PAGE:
Thomas M. Britt lived in Mills county, Iowa, until a few years before his death, he went to California, where he resided two years, after which he returned to the Missouri valley, and became at resident of Sioux Falls, South Dakota, where he died in 1905. In 1861, he enlisted in Company B, Twenty-ninth Iowa Volunteer Infantry, serving four years, until the close of the war. Like many Tennesseeans, he had remarkable skill with the rifle, and was assigned to the service as a sharpshooter. He was in the battle of Shiloh, Siege of Vicksburg, Chattanooga campaign, and many minor engagements. On his return to Iowa, after the war, he served his people in minor official positions, and was for one term a member of the Iowa legislature. In politics he was always a staunch republican. Thomas Britt was married in Mills county Iowa, to Miss Martha Dunnegan, a native of Ireland, in which country her father died. The mother brought her family to America, and settled in Iowa, where she died.
     On coming to Knox county, Nebraska, Doctor Britt resided at Bazile Mills four years, anticipating the railroad's passing through the village, and its development into a thriving town. When the road was pushed on toward the Niobrara, and it was certain Bazile Mills was to be left to one side., Doctor Britt moved to Creighton, in 1884, and has resided here since, building up a large practice throughout the three adjoining counties.
     Doctor Britt was married at Bazile Mills, November 22, 1888, to Miss Martha A. Warner, a native of Rock county, Wisconsin, and daughter of Karl and Otillie (Klingbeil) Warner, the former a native of Pottsdam, Austria, the latter of the village of Treptow, near Berlin, Germany. They were married in Wisconsin, and came to Nebraska in 1880. The father died in 1907, and the mother has attained the age of seventy-one, and has lived in America since her eighteenth year.
     Three children have been born to Dr. and Mrs. Britt: Percy, a graduate from high school, with two years' training in the state university, is in real estate business with his father; and Cladwell and Marcilene.
     The doctor has endured many hardships of the pioneer days in Nebraska. He has swimmed streams, been lost at night on the prairies in storms, traveling in a circle as the lost often do, and has also breasted blizzards in his professional calls to minister to his patients. Like his race, he is quick with the rifle, and can kill game or wolves on the run as readily as when they are standing still.
     Dr. Britt is republican in politics; a member of the Knights of Pythias, Royal Highlanders, Modern Woodmen of America and Woodmen of the World. He holds membership in state and county medical societies. Mrs. Britt is a member of the Congregational church. Doctor Britt served the county as coroner one term, and as a member of the board of education seven years.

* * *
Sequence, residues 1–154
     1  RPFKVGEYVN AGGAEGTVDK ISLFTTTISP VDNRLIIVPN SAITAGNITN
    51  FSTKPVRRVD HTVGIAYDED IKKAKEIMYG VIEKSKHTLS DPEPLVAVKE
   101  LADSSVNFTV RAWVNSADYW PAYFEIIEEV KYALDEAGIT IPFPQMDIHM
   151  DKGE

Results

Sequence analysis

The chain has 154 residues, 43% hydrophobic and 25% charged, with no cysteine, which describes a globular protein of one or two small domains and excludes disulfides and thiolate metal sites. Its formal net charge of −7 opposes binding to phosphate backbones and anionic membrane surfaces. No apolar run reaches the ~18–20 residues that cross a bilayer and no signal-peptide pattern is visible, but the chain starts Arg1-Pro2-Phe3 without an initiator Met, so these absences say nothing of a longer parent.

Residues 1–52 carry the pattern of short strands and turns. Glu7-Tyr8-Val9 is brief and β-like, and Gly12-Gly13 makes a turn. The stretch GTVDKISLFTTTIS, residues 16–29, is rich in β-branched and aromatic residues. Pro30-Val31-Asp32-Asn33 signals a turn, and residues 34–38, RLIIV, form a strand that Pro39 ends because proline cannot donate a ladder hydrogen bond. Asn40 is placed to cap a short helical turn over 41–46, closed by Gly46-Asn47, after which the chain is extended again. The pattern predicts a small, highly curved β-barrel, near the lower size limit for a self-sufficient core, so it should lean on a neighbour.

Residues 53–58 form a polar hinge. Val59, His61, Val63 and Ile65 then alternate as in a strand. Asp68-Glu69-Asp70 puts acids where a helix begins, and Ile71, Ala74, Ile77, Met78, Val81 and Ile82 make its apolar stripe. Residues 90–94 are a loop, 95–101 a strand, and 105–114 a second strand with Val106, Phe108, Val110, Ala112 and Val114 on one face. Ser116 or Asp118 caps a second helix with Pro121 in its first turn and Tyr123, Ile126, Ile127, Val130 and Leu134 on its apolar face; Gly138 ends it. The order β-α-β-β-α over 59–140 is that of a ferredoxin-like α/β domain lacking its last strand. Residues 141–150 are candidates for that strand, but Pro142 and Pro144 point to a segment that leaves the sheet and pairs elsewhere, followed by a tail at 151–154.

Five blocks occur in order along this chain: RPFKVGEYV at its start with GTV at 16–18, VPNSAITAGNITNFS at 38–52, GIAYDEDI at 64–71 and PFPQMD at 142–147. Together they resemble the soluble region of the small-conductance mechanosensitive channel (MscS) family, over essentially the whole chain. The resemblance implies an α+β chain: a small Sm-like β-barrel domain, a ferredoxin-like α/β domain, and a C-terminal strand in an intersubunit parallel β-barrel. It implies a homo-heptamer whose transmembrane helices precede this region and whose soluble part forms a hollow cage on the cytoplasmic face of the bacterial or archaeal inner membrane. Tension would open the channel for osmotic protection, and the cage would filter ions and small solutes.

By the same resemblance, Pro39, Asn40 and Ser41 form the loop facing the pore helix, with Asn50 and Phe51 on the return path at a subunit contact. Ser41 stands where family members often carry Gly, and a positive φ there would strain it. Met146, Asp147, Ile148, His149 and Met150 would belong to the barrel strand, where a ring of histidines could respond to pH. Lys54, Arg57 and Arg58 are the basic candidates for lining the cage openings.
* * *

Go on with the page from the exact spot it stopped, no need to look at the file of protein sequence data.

The gentleman above named is today a worthy representative of the best agricultural interests of Nance county, and has done much to rescue and redeem Nebraska from a wild prairie to its state of present prosperity. He is now retired from active labor, and enjoys the comforts of a pleasant home and companionship of many friends in the pretty little city of Fullerton.
     Charles E. Carter was born in Bureau county, Illinois, on September 13, 1861, and is a son of George F. and Emily P. Carter. George F. Carter died in Bureau county, Illinois, March 7, 1911. He had been a resident of the county sixty years, and his was the first death in the immediate family. Charles E., received his education in his native state, and he early became interested in agricultural pursuits. He was married on March 3, 1886, to Olive Hazard, also reared in Illinois, who had been a teacher in the public schools there for a number of years. In the spring of 1887, Mr. and Mrs. Carter came to Nance county, where the former purchased a quarter section in the southeast quarter of section twenty-two, township seventeen, range four, and this was their home farm for fifteen years. Mrs. Carter died there in 1891, leaving one son, George N., who is an electrical engineer in Boise City, Idaho, at the present time.
     While living on the original homestead, Mr. Carter and his wife passed through all the pioneer experiences, but were very successful, notwithstanding the various discouragements that came to them in getting started. He has added to his acreage from time to time, until he was owner of twelve hundred and twenty acres, all in one body, Iying four miles northeast of the town of Fullerion, and of this tract, seven hundred acres was under cultivation. Mr. Carter, in 1909 and 1910, sold a part of his land, and now owns seven hundred and fifty acres, most of which is farm land. In 1903, Mr. Carter removed to Fullerton, and retired from active farm work, although he still superintends the farming operations, carrying on a grain and stock business, principally feeding and shipping cattle.